ai and meaning ... are the bots taking our happiness?

A New Study Claims That AI & Autonomous Robots May Be Stealing the Meaning of Life

3 min read

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Picture this — you’re chilling at home, vibing to your favourite tunes, when suddenly, a robot vacuum zooms by, cleaning up the place without you lifting a finger. Pretty rad, right? Not so fast. Apparently, AI and autonomous gadgets are stripping out the meaning we get from doing manual labour. This is according to a new study published in the Journal of Marketing by the University of St. Gallen and Columbia Business School. 

The study makes the claim that how we feel about manual labour plays a major role in whether we buy or reject autonomous products. The study was authored by Emanuel de Bellis, Gita Venkataramani Johar, and Nicola Poletti. The researchers make the case that manual labour is an important source of meaning in life. Marketers therefore need to think of more complex ways to advertise these products to consumers.

As co-author Emanuel de Bellis explains, “Our studies show that ‘meaning of manual labour’ causes consumers to reject autonomous products. For example, these consumers have a more negative attitude toward autonomous products and are also more prone to believe in the disadvantages of autonomous products relative to their advantages.”

AI and meaning of life

While we hate actually doing the mundane chores around the house, as it turns out, the satisfaction we feel from getting the job done is great for our well-being, according to the study. And it is the fear of this loss of satisfaction that stops us from purchasing those self-operating and AI gizmos that free us from the mundane tasks we’d rather avoid.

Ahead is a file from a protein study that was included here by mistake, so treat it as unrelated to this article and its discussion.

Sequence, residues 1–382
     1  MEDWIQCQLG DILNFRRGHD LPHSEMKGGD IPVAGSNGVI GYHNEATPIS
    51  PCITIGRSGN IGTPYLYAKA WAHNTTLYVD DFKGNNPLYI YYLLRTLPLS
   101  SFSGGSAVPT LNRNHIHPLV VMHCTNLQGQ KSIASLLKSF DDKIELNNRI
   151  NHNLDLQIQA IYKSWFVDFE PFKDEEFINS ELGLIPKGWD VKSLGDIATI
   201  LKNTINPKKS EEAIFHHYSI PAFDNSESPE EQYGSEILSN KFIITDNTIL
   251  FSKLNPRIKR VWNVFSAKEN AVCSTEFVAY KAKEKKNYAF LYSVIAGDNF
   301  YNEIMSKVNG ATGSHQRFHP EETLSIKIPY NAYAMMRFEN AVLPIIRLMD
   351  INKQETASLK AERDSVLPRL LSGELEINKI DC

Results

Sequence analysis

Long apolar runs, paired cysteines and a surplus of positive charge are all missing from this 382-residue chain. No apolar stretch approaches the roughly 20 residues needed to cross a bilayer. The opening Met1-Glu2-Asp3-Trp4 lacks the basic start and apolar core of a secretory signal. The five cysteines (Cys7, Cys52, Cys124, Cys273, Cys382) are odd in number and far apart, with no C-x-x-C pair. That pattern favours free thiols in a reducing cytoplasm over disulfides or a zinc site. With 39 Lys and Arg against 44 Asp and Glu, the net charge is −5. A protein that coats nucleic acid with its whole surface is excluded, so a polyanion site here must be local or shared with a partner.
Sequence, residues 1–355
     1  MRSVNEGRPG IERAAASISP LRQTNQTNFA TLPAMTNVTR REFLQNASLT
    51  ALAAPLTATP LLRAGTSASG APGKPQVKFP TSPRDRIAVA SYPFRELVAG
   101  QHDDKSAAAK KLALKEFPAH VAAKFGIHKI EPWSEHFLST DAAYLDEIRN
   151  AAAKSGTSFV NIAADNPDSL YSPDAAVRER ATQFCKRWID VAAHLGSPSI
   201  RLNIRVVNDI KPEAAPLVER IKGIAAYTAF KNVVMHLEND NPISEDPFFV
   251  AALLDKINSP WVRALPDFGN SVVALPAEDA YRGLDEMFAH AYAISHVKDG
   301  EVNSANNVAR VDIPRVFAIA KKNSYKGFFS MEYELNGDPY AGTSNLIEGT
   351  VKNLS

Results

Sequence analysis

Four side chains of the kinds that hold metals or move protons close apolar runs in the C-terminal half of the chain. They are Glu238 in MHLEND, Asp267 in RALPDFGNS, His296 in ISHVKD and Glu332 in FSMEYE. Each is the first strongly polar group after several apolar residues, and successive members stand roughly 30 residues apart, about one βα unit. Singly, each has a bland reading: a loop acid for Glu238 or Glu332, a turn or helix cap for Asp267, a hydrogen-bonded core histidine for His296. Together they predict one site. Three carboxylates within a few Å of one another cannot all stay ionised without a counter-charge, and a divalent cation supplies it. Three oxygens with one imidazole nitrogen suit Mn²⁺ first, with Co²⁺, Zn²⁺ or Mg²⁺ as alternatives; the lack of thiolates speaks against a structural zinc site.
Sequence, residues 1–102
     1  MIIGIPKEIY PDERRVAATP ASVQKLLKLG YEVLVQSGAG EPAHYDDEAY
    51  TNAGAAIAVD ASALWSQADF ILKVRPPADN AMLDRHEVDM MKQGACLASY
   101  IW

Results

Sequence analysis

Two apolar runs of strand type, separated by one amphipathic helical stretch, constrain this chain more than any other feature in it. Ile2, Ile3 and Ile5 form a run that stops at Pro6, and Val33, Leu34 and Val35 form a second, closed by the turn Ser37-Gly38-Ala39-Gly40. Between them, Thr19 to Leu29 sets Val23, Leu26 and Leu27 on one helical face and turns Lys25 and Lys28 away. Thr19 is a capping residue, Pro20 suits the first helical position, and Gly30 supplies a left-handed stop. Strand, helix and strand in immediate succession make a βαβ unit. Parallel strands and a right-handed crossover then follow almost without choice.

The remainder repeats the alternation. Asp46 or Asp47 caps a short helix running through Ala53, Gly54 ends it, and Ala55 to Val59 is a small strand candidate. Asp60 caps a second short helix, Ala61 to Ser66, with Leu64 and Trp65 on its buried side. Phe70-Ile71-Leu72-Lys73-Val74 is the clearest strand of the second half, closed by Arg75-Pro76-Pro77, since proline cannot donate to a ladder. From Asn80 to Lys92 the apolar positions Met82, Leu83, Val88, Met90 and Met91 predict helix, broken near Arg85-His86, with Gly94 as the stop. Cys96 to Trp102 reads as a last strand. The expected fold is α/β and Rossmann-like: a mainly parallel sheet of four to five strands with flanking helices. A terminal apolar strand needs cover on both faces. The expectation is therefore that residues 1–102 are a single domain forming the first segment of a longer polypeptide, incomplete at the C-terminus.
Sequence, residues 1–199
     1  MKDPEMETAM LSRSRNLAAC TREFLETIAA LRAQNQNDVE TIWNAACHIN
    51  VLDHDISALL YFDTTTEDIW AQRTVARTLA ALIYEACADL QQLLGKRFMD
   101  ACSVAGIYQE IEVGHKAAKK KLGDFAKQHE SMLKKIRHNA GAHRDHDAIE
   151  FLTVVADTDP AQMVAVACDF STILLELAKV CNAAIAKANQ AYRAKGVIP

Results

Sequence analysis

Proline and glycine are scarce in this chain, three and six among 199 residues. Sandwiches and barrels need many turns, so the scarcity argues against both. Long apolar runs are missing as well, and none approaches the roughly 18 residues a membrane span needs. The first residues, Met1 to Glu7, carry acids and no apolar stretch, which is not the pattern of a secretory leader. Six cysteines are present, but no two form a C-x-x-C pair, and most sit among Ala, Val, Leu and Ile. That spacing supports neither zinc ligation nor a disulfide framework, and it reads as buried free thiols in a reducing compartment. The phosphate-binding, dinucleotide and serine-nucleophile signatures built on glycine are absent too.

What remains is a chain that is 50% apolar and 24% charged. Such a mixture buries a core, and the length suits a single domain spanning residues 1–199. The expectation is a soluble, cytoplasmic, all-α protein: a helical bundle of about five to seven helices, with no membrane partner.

Everyday tasks, like cleaning the shower (ew) or mowing the lawn (ugh) may not make us deliriously happy. But they do bring a sense of purpose and fulfilment to our existence. In other words, they add a little something to our journey.

Are AI-driven autonomous gadgets helping us or harming us?

Marketers now have to work out a new plan to repackage the advertising around these autonomous chore-doing bots. The researchers behind this study suggest that companies should emphasise alternative sources of meaning. More or less, they need to hammer home the message that freed-up time can be used to pursue passions, connect with family and friends, or dive headfirst into hobbies.

Co-author Gita Venkataramani Johar said, “We suggest that companies highlight so-called alternative sources of meaning in life, which should reduce consumers’ need to derive meaning specifically from manual tasks. Highlighting other sources of meaning, such as through family or hobbies, at the time of the adoption decision should counteract the negative effect on autonomous product adoption.”

Companies marketing differently

Already, some manufacturers of robotic appliances are applying this theory to their marketing. iRobot, manufacturer of the Roomba robotic vacuum cleaner, claims the product saves its owners a whopping 110 hours of cleaning a year. But in their ad campaign, they also emphasise the magic words: more family time and to make time for what matters most. In fact, the following advertisement hardly shows the robot vacuum at all.

Apparently, according to the ad, it’s not just about the clean floors, it’s about the meaningful experiences you can create with that extra time.

In another example, home appliance company Vorwerk promotes its iconic Thermomix by saying using it can create more memory bombs with all of the freed up time.

MML and purchasing decisions

The researchers introduced a concept called the meaning of manual labour (MML). It’s a way of saying how much value we attach to manual tasks. Your MML level can predict whether you’ll embrace or resist autonomous products.

Your MML can be assessed by checking out your behaviours. Do you prefer doing the dishes by hand? Are you into manual cars? What kind of activities float your boat? Woodworking, cooking, painting, fishing — these could be clues that you’re all about that manual labour life.

Co-author Nicola Poletti says, “Consumers with a high MML tend to resist the delegation of manual tasks to autonomous products, irrespective of whether these tasks are central to one’s identity or not. Marketers can start by segmenting consumers into high and low MML consumers.”

In a nutshell, autonomous products like robot vacuums might save us time and energy, but they may also suck away the meaning we find in manual labour. 

Makes you feel better about cleaning that mouldy laundry room yourself, right?